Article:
|Bill Hoyt, Mike Mornard, Maj. David Wesely, and Yours Truly at the game|
|The Dice Box, the Player Envelopes, wooden blocks, and cardboard heroes|
First off, I'd like to thank Michael and Kevin for the photos they took of the game set-up and play at the convention - it was very helpful of you to do so, and I appreciate you doing it. I like to document everything, for future use, but I can't be in two places at the same time; so, hats off to you gents who took photos and made recordings!!! Thank you, all of you!!!
Secondly, I now have all of my own photos up on my Photobucket page for your amusement; scroll down the left-hand column, and you'll find the link to it. Have a look, and I hope you'll be amused!
I've been asked about what it took to put this game on, and in the next few posts I'll try to address that for you. To start with, The Missus and I set a strict budget for the show; she and I have had a lot of experience doing show production over the years, and for us this is a natural process. Here's the basic numbers for what the show 'should cost':
Badge: $50.00 (No, I was not a VIP with a free badge. I wanted to support the convention.)
This budget changed over time, as we went into the 'build cycle'; one of my friends was kind enough to share hotel costs with me, and this savings went into printing the player-character sheets and other 'swag'. We were also able to save in other areas, like food, that allowed us to buy a new and more powerful Digital Voice Recorder that had 44 hours of recording time and plenty of tape for the back-up recording.
As you can see from Kevin's excellent photo, I had gotten 25 black envelopes to put all the sheets and stuff for the players into; the covers had black-and-white artwork of the character, their name, and their occupation; this was all the players had to go on when they chose their characters. I also included an ID badge with the same information but with color artwork, so everyone could see who everybody was at the table. I was delighted to see that several enterprising players made little 'table tents' with their names on them for the use of their fellow players - which also should have warned me just how really good these people were!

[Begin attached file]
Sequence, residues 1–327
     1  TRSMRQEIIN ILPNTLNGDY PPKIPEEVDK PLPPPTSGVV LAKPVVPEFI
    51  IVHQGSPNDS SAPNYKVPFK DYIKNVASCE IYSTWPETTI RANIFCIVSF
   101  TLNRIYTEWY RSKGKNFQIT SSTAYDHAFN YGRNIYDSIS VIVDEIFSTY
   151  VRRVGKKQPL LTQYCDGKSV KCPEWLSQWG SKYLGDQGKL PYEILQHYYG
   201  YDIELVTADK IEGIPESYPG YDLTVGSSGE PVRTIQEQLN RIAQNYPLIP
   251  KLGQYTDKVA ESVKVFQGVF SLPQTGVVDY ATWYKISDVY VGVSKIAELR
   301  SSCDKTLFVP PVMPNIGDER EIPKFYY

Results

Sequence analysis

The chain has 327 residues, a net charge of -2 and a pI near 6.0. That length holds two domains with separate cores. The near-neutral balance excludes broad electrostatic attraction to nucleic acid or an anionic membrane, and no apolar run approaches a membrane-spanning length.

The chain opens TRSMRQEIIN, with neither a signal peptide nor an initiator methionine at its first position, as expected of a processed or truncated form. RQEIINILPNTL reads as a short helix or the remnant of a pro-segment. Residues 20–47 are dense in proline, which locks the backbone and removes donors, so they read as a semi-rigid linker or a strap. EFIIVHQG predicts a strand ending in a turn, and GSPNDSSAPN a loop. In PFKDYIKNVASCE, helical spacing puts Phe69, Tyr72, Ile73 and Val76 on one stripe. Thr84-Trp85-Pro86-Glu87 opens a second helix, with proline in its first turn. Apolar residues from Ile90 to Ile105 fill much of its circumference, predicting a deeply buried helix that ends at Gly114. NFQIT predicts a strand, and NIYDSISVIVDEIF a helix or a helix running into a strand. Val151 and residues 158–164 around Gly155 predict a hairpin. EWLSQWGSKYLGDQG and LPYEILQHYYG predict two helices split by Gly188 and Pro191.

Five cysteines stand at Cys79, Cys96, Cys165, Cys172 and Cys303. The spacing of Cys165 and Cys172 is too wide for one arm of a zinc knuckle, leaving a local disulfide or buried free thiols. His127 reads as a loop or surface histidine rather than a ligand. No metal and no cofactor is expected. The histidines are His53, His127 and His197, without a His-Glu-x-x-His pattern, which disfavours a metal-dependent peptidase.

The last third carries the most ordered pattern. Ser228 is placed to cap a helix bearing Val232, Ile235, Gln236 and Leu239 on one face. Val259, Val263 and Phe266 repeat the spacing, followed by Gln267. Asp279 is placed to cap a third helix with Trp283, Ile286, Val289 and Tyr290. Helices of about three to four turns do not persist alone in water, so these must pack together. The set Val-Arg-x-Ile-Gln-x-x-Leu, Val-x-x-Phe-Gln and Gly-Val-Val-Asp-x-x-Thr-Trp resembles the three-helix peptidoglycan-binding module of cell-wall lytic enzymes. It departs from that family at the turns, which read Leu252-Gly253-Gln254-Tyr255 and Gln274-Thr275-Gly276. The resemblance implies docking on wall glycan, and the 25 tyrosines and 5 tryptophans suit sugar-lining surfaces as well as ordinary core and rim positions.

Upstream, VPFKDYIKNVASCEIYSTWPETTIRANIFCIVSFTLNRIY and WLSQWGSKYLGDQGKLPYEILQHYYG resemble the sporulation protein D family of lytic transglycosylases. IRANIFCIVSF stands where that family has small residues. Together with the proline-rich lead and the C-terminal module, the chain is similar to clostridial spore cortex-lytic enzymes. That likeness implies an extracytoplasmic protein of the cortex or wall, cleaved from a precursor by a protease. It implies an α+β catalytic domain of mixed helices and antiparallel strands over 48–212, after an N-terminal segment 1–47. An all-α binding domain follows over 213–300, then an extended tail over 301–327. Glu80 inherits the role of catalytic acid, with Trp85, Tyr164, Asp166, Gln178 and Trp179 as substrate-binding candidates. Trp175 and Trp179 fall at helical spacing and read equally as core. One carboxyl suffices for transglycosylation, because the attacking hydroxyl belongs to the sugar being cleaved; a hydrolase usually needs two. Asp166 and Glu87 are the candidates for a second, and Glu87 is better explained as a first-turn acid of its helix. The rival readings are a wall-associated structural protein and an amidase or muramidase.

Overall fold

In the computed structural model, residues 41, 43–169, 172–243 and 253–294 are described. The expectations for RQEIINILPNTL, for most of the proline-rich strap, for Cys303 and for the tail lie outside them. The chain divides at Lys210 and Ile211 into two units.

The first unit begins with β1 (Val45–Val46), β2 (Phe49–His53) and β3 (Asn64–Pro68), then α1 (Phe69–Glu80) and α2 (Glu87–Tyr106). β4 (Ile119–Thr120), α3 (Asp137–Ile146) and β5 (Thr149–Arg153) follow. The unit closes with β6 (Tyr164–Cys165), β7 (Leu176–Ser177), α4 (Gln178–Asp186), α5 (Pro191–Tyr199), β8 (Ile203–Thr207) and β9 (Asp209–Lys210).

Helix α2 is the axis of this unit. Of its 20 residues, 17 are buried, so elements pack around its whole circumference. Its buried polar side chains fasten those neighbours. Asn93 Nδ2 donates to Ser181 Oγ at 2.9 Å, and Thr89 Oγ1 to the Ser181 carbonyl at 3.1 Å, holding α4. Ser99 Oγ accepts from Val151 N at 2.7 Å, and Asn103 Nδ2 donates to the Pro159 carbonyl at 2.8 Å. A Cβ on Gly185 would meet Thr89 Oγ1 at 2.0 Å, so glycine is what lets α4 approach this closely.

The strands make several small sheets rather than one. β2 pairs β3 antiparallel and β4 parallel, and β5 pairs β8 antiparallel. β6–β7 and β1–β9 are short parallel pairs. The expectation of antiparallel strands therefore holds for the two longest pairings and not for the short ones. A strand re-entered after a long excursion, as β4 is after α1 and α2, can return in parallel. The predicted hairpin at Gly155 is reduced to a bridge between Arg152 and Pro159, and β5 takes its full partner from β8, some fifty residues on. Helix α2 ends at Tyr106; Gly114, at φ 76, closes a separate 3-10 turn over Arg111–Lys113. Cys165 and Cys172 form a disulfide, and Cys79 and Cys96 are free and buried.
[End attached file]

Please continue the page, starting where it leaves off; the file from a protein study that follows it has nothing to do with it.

Everything else came out of inventory / stocks; the figures, the wooden blocks, the wonderful 'cardboard heroes' that Uni Games (Jeff and Amanda Dee) makes, and all the technical gear. This was a real help to us, and we were able to bring the show in under budget with the kind help of people who made sure to feed me during the weekend - I get so wrapped up in doing the game that I usually forget to eat. The basic 'cost per player' to me, if you like those kinds of numbers, was on the order of $31.16 a head; I think I got my money's worth, given the reactions I got from the players.
Next up: How I set up and organize a game like this...